Belfast Telegraph

Time Out cheers ‘substantial progress’ despite losses widening

The publisher and food market firm reported pre-tax losses widening to £26.3 million in 2017 against losses of £18.8 million the previous year.

Time Out has fallen deeper into the red after hefty investment in its digital business, but hailed “substantial progress” as online and food market revenues surged.

The publisher and food market firm reported pre-tax losses widening to £26.3 million in 2017 against losses of £18.8 million the previous year.

Revenues rose 19% to £44.4 million, boosted by a 15% surge in Time Out Digital and a 62% jump in its burgeoning food market arm.

Millions of customers now book theatre tickets, attractions and hotels with us, buy exclusive offers and experience one of our Live Events worldwide and Time Out Market. Julio Bruno, Time Out chief executive

The group also said it had secured the site for a new food market in New York as it continues to expand the popular food market offering.

It has signed a lease in the Empire Stores in Brooklyn’s Dumbo neighbourhood, with plans to open the new market in the fourth quarter.

The group’s full-year results showed investment in attracting new customers paid off, with its average global monthly audience hitting 217 million – up 39%.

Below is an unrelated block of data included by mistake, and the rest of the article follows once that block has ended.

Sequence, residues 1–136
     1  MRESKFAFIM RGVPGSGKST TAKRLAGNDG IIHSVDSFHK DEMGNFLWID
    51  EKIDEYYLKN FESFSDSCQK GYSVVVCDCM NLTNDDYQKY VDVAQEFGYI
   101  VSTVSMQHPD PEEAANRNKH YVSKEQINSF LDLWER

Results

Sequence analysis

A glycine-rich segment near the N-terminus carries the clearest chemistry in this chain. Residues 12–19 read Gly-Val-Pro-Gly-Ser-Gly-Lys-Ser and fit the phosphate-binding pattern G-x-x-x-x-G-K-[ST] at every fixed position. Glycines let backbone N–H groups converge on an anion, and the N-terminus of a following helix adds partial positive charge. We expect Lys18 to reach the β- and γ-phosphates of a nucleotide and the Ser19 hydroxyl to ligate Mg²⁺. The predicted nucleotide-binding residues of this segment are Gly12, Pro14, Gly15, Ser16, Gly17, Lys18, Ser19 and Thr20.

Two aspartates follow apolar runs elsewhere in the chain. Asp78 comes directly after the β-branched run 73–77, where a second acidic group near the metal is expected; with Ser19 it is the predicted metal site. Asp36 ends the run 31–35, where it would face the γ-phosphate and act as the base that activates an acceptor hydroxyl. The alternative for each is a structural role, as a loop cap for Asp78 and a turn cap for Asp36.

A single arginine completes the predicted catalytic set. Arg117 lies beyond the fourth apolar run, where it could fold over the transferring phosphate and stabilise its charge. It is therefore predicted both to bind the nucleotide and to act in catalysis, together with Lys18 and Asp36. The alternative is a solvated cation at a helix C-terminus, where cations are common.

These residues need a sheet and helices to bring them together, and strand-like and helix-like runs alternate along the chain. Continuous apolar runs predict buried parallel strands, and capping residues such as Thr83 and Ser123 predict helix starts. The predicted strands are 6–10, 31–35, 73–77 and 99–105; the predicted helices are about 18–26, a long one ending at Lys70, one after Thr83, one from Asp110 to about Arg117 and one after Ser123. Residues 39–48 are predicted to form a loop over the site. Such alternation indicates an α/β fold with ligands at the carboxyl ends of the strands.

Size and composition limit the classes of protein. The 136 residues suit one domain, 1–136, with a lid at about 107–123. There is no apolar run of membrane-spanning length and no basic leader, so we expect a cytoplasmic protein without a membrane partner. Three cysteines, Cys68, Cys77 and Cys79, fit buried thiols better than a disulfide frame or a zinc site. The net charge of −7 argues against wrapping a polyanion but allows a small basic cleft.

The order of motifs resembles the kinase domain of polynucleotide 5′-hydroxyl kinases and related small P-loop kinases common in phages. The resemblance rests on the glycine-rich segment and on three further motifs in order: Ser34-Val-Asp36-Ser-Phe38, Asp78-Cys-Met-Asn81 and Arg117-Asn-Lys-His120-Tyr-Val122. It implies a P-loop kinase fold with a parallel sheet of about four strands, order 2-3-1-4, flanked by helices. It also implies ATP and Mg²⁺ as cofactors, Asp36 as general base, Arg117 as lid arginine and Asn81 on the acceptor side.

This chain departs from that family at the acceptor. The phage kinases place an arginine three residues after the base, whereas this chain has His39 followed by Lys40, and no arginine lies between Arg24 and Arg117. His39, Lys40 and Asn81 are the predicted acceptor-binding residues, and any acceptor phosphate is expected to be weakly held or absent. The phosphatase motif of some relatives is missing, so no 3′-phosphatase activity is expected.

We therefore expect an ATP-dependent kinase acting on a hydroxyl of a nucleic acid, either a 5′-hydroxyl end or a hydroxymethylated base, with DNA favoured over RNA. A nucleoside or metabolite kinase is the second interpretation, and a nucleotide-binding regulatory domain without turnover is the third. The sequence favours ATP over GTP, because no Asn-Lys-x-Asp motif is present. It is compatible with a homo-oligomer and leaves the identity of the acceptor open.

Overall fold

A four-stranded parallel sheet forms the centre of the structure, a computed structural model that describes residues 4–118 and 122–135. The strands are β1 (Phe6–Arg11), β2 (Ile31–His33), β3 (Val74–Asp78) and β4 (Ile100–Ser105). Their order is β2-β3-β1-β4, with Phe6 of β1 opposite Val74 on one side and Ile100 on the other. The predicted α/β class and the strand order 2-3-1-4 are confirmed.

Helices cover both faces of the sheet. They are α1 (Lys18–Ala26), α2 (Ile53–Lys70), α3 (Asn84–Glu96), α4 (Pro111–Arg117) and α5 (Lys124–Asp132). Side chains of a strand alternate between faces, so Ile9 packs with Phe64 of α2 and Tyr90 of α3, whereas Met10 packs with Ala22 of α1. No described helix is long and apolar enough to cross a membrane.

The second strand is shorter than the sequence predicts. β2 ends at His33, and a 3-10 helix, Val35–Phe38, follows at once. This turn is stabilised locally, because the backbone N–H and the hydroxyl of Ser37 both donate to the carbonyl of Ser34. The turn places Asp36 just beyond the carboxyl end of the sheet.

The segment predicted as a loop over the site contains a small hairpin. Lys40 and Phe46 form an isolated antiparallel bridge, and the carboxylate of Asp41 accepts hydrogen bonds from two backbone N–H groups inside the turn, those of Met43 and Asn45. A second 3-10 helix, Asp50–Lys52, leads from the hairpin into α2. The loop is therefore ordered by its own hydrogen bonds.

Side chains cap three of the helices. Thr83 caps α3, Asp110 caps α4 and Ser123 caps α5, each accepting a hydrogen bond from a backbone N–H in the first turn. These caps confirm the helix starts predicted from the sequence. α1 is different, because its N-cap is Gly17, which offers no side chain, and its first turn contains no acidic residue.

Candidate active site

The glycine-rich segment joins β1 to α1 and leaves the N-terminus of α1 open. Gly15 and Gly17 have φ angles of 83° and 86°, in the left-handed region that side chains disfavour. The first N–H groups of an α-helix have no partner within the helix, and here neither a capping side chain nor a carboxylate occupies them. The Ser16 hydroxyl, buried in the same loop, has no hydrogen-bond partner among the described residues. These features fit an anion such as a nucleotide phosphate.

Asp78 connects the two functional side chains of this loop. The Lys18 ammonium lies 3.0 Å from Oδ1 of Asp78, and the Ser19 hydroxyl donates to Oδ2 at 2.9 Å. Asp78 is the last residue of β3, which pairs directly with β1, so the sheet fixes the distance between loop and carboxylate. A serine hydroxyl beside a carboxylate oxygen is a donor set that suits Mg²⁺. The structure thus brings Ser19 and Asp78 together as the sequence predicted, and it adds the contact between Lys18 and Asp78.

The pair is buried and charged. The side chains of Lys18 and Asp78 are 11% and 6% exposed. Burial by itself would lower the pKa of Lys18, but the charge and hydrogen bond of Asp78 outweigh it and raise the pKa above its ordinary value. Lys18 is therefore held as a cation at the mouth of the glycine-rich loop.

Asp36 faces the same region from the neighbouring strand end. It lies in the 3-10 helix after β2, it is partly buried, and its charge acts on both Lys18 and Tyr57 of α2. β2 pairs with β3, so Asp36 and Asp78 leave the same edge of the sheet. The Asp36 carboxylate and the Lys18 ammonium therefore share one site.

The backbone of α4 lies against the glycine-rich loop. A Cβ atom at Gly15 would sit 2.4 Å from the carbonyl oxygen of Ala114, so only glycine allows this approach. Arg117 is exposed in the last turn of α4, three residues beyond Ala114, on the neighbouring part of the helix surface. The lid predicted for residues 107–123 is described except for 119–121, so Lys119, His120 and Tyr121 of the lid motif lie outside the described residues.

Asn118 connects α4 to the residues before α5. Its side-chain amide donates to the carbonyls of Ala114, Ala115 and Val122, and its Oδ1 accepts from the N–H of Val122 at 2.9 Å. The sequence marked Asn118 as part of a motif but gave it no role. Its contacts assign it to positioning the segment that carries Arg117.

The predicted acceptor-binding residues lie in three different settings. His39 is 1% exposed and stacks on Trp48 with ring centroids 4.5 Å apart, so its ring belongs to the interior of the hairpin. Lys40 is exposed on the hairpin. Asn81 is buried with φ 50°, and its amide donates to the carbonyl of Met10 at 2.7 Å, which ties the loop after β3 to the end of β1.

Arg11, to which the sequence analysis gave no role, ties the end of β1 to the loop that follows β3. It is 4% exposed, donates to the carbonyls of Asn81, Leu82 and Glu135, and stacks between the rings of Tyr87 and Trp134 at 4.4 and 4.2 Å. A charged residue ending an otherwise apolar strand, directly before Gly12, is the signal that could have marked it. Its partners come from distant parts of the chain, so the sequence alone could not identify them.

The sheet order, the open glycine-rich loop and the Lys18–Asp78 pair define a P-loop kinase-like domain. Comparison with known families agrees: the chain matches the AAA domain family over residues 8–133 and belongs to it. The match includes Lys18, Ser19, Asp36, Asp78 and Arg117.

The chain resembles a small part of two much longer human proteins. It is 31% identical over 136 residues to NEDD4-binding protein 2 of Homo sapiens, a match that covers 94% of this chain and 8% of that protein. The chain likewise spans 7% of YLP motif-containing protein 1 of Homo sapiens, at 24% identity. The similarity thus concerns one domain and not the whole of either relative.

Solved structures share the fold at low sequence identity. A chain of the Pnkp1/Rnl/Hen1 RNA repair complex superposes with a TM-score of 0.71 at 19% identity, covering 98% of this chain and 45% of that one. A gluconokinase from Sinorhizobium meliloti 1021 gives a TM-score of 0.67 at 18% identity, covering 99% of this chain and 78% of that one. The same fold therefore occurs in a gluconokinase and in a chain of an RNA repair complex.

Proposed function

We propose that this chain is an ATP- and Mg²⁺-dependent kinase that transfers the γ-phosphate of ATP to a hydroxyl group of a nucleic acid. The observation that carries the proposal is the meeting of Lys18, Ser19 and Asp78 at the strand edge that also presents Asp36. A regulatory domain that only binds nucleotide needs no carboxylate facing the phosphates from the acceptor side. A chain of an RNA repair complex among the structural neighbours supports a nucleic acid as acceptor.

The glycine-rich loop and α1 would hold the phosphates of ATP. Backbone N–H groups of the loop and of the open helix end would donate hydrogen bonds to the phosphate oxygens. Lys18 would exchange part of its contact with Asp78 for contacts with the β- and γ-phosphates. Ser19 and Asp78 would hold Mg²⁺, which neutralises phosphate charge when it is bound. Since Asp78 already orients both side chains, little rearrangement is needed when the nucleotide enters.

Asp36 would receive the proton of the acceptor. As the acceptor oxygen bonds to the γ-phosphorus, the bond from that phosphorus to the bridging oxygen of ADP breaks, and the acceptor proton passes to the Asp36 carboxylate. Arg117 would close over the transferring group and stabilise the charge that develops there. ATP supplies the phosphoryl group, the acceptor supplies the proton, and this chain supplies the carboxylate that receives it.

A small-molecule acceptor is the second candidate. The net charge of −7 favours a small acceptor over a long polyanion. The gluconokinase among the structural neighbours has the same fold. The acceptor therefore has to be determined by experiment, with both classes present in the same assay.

Julio Bruno, chief executive of Time Out, cheered further signs that its transformation into a transaction-based group were working.

He said: “Millions of customers now book theatre tickets, attractions and hotels with us, buy exclusive offers and experience one of our Live Events worldwide and Time Out Market.

“I am excited about the year ahead as we continue to capitalise on the substantial progress made to date.”

Time Out, which launched 50 years ago as an event guide in London, now covers 108 cities worldwide.

Its food market business is one of its key growth areas, having become highly successful in Lisbon and is now expanding to the US and elsewhere internationally.

As well as the New York site, Time Out is also planning to open new markets in Miami in the fourth quarter, Chicago and Boston in 2019 and is appealing against a decision to refuse it planning permission for a market in Spitalfields, London.

Analysts at Liberum said: “The prospects of a move into profit 2019 look increasingly encouraging.

“The major brand digital leverage opportunity remains substantial and the global markets concept looks increasingly valuable.”

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